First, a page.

Analysis of the Relationship Existing between Business Commercial Information Technologies

Analysis of the Relationship Existing between Business Commercial Information Technologies

Blanca Hernández (University of Zaragoza, Spain), Julio Jiménez (University of Zaragoza, Spain) and M.José Martín (University of Zaragoza, Spain)
DOI: 10.4018/978-1-60566-910-6.ch015
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Abstract

The objective of this work is to analyse the importance of firms’ previous experience with different information technologies (Internet, EDI) in their implementation of e-CRM and B2B e-commerce. Moreover, we also study the role of e-CRM in B2B development. With this objective, we have analyzed 109 firms belonging to the IT sector. The results show that experience with IT such as EDI or the Internet has a direct influence on the use of e-CRM. There is also a direct and positive transmission of knowledge from e-CRM to B2B e-commerce, even though they have not yet been adopted intensively by firms. Firms need to be aware of the interrelations that exist between the different information technologies. The experience accumulated from using an IT can be considered an important aspect of organisational knowledge, which allows firms to obtain a number of benefits as a result of applying other IT that are complementary.
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Introduction

At the beginning of the 21st century, firms still find it difficult to recognise the strategic value of adopting information technologies (IT) (Von Krogh et al., 2000; Nonaka et al., 2000). While some research considers that IT do not positively impact on firms’ productivity (Carr, 2003), another states that IT are an inexhaustible source of business opportunities for the modern firm (Rayport & Sviokla, 1994). Therefore, companies could apply IT to generate important competitive advantages and to differentiate themselves (Grant, 1996; Teece, 2000).

Of all the IT that have emerged in recent years, the Internet has been one of those that has generated most interest. So too, clearly, has electronic commerce (or e-commerce), which derives from the Internet, and redefines some of the variables and elements of traditional exchanges (Webb, 2002). B2B e-commerce enables a business to interact with another business electronically, in particular via the web (Zeng et al., 2003). There are many benefits of B2B e-commerce. We highlight the following: increasing productivity, reducing potential staff overhead, and clearing audit training (Yang & Papazoglou, 2000). In spite of these benefits, firms have not adopted B2B e-commerce unanimously and homogenously. Observing the different levels of acceptance, some studies have suggested the need to know which factors influence on a firm’s technological behaviour. One factor that appears to be of considerable importance in the implementation process is IT experience, i.e. previous knowledge obtained by the firm from other IT related to the tool being analysed.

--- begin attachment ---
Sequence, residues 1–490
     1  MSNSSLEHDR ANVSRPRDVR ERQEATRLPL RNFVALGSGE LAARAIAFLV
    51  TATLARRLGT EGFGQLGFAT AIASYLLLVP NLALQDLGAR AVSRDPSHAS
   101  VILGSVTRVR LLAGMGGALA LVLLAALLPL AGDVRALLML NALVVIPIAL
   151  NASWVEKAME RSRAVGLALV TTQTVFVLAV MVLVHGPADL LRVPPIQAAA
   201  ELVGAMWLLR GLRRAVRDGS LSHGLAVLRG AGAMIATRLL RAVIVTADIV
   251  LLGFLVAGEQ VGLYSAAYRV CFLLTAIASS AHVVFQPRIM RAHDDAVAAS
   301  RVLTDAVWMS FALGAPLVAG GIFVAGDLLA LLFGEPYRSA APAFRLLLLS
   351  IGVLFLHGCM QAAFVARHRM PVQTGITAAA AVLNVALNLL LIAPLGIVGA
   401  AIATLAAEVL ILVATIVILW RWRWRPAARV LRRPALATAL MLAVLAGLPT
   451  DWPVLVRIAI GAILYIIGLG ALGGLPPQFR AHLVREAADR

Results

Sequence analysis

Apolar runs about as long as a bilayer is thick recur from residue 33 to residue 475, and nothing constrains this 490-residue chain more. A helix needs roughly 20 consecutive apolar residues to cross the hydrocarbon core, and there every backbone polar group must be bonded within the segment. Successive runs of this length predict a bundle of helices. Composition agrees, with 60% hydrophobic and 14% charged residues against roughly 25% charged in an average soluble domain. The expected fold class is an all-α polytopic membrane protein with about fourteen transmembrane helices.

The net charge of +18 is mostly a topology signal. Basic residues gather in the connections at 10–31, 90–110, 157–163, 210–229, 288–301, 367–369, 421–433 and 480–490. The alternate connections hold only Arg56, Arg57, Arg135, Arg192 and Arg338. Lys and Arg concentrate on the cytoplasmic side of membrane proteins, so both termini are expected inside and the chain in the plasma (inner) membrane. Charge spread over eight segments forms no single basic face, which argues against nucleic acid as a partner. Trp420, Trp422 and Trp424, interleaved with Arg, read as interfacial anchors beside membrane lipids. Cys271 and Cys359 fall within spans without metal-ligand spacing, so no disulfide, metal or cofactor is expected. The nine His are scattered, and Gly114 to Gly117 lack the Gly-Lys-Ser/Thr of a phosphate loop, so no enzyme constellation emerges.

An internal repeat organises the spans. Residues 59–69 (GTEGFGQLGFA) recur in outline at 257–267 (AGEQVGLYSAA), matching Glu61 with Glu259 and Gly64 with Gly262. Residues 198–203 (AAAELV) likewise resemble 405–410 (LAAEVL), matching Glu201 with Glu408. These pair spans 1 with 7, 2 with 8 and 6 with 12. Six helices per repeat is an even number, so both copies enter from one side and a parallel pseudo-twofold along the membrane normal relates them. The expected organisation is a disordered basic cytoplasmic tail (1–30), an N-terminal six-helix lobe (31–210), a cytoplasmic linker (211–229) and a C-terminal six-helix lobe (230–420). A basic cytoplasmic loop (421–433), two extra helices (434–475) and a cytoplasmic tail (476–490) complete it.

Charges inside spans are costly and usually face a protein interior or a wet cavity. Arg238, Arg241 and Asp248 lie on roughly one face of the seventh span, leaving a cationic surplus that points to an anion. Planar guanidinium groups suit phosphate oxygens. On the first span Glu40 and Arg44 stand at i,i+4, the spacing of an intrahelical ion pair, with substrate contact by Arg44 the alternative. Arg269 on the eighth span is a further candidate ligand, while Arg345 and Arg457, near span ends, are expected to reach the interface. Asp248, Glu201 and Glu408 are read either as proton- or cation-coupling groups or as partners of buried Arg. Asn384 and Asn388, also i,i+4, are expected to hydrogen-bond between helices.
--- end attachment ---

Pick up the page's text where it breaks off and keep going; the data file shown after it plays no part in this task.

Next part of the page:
How do existing IT affect the adoption of new IT and enable transactions between businesses? This question has been an object for concern of firms for decades and continues to increase as new IT for commercial management appear (Chatterjee & Ravichandran, 2004). The objective of the current study is to analyse the importance of the firm’s previous experience with IT in its acceptance of e-CRM and in the development of B2B e-commerce. With this objective, we look into the question of whether previous use of IT is a requisite for its implementation (such as the Internet) or related to commercial management (such as e-CRM and Electronic Data Interchange, EDI) and if it generates a greater affinity and an appropriate internal structure for the successful implementation of B2B e-commerce, as has been suggested by Riggins and Rhee (1999), Watson and McKeown (1999) and Ngai and Wat (2002). If these propositions are fulfilled, technological experience could be considered as being a key factor for organisational knowledge, which would allow firms to obtain sustainable competitive advantages as a result of applying previous IT.

EDI is defined as cooperative interorganizational systems that allow trading partners to exchange structured business information electronically between separate computer applications (Swatman & Swatman, 1992; Asher, 2007). With regards to CRM, there is no universally accepted definition of this term, so this work follows that given by Kincaid (2003): “CRM is the strategic use of information, processes, technology and people to manage the customer’s relationship with your company (Marketing, Sales, Services and Support) across the whole customer life cycle” (p. 41). Consequently, e-CRM is CRM software on the Internet, or Internet-based CRM. Finally, by B2B we consider interfirm e-commerce in its more restrictive meaning, i.e., conducting commercial transactions through the World Wide Web, not including advertising on the Internet or simple e-mail.

In the following section we review the literature on the role of acquired experience and compatibility in the acceptance of other IT. Moreover, we look further into the characteristics of the main IT considered in the study: EDI, Internet, e-CRM and B2B e-commerce. In the following sections, we detail the empirical analyses carried out, the results obtained and the conclusions that we draw from them.

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